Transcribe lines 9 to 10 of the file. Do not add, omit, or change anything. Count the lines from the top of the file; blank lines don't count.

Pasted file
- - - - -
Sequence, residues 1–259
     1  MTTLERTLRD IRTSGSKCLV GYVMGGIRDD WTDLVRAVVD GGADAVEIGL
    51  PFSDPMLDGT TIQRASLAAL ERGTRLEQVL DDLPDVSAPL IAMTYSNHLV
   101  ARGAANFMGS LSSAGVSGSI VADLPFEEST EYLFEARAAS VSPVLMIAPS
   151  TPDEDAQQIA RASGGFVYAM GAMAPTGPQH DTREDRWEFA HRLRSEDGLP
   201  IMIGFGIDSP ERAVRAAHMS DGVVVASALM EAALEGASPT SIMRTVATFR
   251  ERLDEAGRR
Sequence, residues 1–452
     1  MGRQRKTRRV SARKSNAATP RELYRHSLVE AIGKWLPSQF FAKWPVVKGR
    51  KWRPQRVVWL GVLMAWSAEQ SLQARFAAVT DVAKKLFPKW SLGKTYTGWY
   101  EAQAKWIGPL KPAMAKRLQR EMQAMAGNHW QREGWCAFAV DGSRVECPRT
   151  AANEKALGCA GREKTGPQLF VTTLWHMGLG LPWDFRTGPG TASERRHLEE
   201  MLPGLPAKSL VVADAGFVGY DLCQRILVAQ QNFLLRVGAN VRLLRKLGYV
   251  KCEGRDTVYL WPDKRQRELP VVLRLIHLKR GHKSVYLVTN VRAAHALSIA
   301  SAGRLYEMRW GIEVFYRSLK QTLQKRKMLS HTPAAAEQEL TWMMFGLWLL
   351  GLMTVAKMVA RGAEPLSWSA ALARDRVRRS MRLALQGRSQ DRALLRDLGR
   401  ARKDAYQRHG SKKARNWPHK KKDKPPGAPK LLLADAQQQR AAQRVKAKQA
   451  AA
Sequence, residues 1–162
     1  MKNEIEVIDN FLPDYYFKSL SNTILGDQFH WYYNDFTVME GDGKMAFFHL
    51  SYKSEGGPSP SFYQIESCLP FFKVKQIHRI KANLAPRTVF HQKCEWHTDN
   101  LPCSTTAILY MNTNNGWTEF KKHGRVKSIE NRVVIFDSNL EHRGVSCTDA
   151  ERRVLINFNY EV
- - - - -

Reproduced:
     1  MGRQRKTRRV SARKSNAATP RELYRHSLVE AIGKWLPSQF FAKWPVVKGR
    51  KWRPQRVVWL GVLMAWSAEQ SLQARFAAVT DVAKKLFPKW SLGKTYTGWY